Jim Kenney Sworn in as Mayor


Jim Kenney took the oath of office as Philadelphia’s 99th mayor on Monday. 

The 57-year-old Kenney, a graduate of St. Joseph’s Prep and La Salle, served in an at-large seat on Philadelphia’s City Council from 1992 until he resigned to run for mayor a year ago. He won a crowded Democratic primary last May before prevailing in November’s general election to succeed Michael Nutter as mayor: 


A new year... and new leadership in Philadelphia. And the new mayor wasted no time talking about the priorities of his administration.

Taking the oath of office on the Academy of Music's grand stage Philadelphia's 99th mayor pledged effective transparent government accountable to the public.

"The vision that will guide this administration is that city government should first and foremost deliver efficient effective services to every single Philadelphian."

In his brief inaugural address the Democrat and former city councilman highlighting his priorities--pre-k, poverty, community schooling and police community relations.

The peaceful transfer of power inside giving way to a chaotic procession along broad street to city hall.

Kenney greeting wellwishers...flanked by security and press.

Praise coming from outgoing Mayor Michael Nutter as well.

"The city has a sense of momentum we're kind of on a roll but Mayor Kenney will put his own signature items forward,” Nutter said.

Late in the afternoon Kenney signing an executive order ensuring Philadelphia's status as a sanctuary city...saying local authorities will not cooperate with the feds to hold undocumented immigrants indefinitely.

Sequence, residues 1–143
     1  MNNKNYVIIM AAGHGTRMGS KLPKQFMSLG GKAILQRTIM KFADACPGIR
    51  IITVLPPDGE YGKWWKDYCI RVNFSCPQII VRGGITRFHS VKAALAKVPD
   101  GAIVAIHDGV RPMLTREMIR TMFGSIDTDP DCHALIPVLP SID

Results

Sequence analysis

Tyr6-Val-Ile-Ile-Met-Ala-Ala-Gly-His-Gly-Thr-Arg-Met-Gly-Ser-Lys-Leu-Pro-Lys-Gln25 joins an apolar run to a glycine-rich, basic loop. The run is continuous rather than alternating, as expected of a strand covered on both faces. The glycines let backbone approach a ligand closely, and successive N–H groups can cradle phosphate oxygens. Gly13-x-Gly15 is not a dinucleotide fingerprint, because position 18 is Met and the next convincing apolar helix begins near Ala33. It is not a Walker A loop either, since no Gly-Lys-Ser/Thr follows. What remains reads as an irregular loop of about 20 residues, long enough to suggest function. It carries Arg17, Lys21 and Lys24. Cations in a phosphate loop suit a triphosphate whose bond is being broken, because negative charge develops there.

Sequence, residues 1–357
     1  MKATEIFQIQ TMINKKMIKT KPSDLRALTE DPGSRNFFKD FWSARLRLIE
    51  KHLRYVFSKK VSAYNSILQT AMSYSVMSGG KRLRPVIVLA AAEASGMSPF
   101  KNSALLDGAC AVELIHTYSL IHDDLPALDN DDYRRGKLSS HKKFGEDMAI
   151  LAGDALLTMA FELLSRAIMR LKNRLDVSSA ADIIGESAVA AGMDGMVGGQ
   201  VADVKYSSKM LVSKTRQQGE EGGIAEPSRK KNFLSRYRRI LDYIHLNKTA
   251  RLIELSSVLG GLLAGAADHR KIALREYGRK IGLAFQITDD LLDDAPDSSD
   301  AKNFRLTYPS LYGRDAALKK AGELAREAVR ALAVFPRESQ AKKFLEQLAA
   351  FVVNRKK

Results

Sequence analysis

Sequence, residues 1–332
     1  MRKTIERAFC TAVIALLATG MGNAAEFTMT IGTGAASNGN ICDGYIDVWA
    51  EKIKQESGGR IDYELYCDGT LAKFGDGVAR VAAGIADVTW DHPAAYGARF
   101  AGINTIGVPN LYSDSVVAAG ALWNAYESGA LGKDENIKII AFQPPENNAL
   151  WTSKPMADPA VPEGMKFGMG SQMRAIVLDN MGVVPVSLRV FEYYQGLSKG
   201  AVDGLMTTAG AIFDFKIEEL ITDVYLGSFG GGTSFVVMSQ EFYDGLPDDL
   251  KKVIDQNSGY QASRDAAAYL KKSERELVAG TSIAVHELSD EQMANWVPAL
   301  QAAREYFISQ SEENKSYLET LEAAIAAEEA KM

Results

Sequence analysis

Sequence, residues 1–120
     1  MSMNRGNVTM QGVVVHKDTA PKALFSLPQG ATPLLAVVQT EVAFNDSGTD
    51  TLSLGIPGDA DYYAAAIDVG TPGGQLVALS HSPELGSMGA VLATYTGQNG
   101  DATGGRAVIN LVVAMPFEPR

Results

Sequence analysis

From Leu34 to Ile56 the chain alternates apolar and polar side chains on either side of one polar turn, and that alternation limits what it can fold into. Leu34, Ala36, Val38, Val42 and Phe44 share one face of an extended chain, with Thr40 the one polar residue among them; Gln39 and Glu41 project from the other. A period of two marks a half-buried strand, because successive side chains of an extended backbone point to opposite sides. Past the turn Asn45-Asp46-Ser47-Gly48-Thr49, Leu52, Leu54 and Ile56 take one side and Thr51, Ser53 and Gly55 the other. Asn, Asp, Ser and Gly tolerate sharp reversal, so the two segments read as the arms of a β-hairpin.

"If you want hold someone without a warrant that's unconstitutional."

Now former Mayor Nutter had a stirred controversy when he announced changes to philly's sanctuary city status. Kenney's announcement met with cheers from immigration advocates.

In his inaugural address, Kenney thanked his family and spoke of having learned the value of public service from his fireman father. 

"Government functions properly when it's accessible and accountable to the people it serves," the new mayor said in his address. "When government works as it's supposed to," he said, "changes people's lives." 

Kenney added that it's important to acknowledge that "black lives do matter," while also acknowledging that the vast majority of police officers are "hard-working public servants." 

He concluded by vowing to make each neighborhood in Philadelphia the best it can be, and exclaiming "let's get to work!" 


Watch the full address here: 



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